I know you love your son; most certainly as fiercely as I do mine. But your infamous letter to the Court requesting leniency for your son was both a moral failure and a parental one. As vile as your words were, I needed to find some good that could come from them. It took time, but eventually I felt empowered by your words and my feminism felt validated. And now I want you to know why.
Reading your words made me feel grief like a 2×4 to my stomach. And then I felt anger, like a follow-up blow to my head, toward a society that encourages brutality against women. I was heartbroken to learn that your family’s misogynist values are more common than I knew. Your story is not unique, but it is one of the most public. And your story guided me to courage to stand in my truth steadfastly.
The courage of the woman who survived your son’s violence is staggering. I refuse to call her his victim. She is a survivor of his violence. She has shown the world her power through her words, and your words can never take that from her.
I was sad for all victims of sexual violence being forced to relive their nightmares as they listened to the story of your son, your words that revealed your ultimate culpability, and the survivor’s gut-wrenching story.
In talking to my friends, we empathized with her family who must have been wounded so deeply by your son’s violence and your despicable plea that your son not be jailed because it would be”a steep price to pay for 20 minutes of action out of his 20 plus years of life.“
I was surprised by the pity I felt for your family. I was saddened that Brock did not learn the values of real men. I wondered whether you attempted to teach your son the value and humanity of women.
Mostly, I was furious that you and yours wrapped your him in a secure blanket of entitlement so that he felt he could shove his hand inside of a stranger as she lay unconscious in the filth next to a dumpster.
My friends and I marveled that you did not encourage your son to accept responsibility for his behavior. But I understand now that one cannot instill values one does not possess.
In the aftermath, I began to search for some shred of hope within your letter. As I was writing one morning, I found a post that I had been so afraid to publish over a year before. I was afraid to publish the post because it contained the term “rape culture.” Rape culture seemed so impossible to me; so “out there;” so… “conspiracy-theory-esque.” It doesn’t seem so “out there” anymore.
Your words claiming that jail time “would be a steep price to pay for twenty minutes of action” have empowered me to speak the truth: we live in a rape culture. Your words have made rape culture undeniable for the masses.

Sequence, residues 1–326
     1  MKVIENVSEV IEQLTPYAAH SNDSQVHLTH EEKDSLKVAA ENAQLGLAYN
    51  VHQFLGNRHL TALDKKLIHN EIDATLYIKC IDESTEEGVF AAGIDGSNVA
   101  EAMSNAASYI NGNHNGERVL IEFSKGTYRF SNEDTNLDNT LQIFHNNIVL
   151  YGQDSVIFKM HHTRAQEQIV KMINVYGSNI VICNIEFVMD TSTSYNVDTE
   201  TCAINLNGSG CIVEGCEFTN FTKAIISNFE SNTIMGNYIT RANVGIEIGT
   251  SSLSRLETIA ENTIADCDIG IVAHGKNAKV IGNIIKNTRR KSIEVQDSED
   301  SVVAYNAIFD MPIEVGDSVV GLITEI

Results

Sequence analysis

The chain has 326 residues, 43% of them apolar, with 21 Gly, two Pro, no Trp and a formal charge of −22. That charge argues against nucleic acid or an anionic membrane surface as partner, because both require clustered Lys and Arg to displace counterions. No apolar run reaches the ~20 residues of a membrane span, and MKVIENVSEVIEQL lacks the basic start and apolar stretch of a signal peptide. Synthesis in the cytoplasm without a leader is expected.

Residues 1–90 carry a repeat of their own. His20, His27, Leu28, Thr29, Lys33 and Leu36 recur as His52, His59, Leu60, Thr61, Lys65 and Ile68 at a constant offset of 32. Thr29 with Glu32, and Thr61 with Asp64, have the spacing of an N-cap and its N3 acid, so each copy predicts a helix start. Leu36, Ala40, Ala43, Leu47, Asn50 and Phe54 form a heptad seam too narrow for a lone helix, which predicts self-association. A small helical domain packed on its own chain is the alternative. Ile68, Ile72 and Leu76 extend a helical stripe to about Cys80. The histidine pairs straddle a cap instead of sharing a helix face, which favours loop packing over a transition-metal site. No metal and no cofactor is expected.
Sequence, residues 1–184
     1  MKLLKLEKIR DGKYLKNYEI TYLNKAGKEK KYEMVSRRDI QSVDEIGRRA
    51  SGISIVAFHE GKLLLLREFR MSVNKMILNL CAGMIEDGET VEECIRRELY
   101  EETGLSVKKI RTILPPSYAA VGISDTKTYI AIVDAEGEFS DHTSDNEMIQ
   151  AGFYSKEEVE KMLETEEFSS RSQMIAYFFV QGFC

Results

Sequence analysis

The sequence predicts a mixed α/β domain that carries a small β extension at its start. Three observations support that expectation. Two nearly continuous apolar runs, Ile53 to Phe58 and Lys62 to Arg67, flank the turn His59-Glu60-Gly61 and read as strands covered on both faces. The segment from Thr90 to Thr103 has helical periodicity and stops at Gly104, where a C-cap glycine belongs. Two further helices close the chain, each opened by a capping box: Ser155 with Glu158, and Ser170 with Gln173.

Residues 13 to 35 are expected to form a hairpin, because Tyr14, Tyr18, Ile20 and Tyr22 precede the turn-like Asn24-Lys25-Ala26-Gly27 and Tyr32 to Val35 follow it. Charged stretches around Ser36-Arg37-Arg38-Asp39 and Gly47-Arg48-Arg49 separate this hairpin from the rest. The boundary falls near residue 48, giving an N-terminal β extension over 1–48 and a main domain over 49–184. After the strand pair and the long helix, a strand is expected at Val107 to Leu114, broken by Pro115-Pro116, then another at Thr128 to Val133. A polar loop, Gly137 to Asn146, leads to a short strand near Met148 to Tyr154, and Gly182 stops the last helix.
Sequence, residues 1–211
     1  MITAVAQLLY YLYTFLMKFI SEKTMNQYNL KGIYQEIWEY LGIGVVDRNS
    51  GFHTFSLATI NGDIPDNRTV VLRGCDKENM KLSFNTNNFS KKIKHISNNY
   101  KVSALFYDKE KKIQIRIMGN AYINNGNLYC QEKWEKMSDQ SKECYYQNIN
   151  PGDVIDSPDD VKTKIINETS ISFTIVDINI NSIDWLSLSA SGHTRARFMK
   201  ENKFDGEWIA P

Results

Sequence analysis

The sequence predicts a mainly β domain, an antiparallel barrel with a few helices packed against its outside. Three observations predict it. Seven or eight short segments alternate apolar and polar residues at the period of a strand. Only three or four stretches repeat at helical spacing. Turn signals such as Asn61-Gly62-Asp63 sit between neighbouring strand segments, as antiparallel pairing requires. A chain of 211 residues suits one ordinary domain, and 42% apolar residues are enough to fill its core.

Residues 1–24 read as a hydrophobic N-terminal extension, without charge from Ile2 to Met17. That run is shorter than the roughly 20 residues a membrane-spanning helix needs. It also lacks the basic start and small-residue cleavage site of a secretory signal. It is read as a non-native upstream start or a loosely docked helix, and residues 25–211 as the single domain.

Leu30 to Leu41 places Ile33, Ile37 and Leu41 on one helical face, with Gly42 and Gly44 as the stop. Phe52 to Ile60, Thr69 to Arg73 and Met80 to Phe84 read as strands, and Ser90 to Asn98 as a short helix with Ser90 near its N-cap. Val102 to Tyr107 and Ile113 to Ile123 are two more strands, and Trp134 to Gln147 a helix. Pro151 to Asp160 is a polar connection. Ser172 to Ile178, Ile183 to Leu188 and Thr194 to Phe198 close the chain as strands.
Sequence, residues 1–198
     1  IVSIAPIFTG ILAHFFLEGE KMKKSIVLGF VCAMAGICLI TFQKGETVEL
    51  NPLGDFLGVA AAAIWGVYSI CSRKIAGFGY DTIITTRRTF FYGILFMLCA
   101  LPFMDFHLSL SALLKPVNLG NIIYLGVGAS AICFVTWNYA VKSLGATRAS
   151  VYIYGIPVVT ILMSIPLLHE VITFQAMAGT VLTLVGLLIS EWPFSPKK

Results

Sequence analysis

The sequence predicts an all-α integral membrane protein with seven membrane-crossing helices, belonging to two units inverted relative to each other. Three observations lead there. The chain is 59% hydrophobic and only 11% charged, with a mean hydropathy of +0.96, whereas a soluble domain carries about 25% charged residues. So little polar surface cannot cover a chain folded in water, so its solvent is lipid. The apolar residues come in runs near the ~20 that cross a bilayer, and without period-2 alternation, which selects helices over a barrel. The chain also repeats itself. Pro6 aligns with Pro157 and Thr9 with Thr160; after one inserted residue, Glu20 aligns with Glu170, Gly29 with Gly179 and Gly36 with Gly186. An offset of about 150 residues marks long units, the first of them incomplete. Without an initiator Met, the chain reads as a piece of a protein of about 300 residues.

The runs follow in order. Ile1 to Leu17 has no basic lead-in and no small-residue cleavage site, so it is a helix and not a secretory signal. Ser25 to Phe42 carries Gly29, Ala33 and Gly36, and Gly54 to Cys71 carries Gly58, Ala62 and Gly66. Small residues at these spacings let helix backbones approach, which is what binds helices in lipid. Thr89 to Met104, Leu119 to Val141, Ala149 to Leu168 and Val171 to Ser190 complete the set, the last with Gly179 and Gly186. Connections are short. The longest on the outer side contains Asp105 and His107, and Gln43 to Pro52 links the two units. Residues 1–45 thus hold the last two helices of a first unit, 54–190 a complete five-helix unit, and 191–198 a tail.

The term rape culture can no longer be marginalized, denied, or blamed on stereotypes of lesbian feminists with hairy pits who live off grid in the woods eating nuts and berries with twenty cats. (no judgment from me!) No. You’ve shown us that rape culture is real and undeniable. And, Dan Turner, you’ve given rape culture a face.
Now that I can speak the words “rape culture,” I can begin to ferret out those whose values resemble your own. Now I can talk out and let you know that your values are not acceptable in decent society.
But, you don’t look like the monster I expected.
What’s terrifying is that you appear just like the guy next door; like the cool dad hosting playdates for our little girls. You seem friendly and unassuming nestled into our communities, coaching our children, or sitting next to us in church. You and the rape culture you perpetuate joyfully send your young men off to school dances with our young women, and you send them to run amuck on college campuses.
You’ve validated something that I knew was true all along. Now I know that rape culture is both rampant and robust in our country, even as many don’t recognize it. As the mother of boys, I will do all I can to instill in them the values of vibrant, honorable, and understanding men.
So many people, including myself, have grown through reading your words, and I now realize that I will no longer require validation from you or anyone to speak my truth.
I am grasping this moment to inspire me to speak my truth authentically. Girls can’t get raped if boys aren’t raping. So let’s teach our boys not to rape.
So, thank you, Dan Turner. Your letter instantly set the internet on fire with rage, but it has also shone a light under the rock of rape culture. Your letter has empowered me never to be afraid to speak the words “rape culture.” Your letter has taught me that I don’t ever want to seek validation from anyone to boldly tell the truth.
I want to raise my sons to be as heroic as the helpers who stopped your son. Your letter has shown me that is not enough to raise “nice” men. We must be teaching boys not to rape. By all outward appearances, Brock was a “nice” boy. Unfortunately, for Brock’s survivor, your love and all that you gave him was not enough to protect her.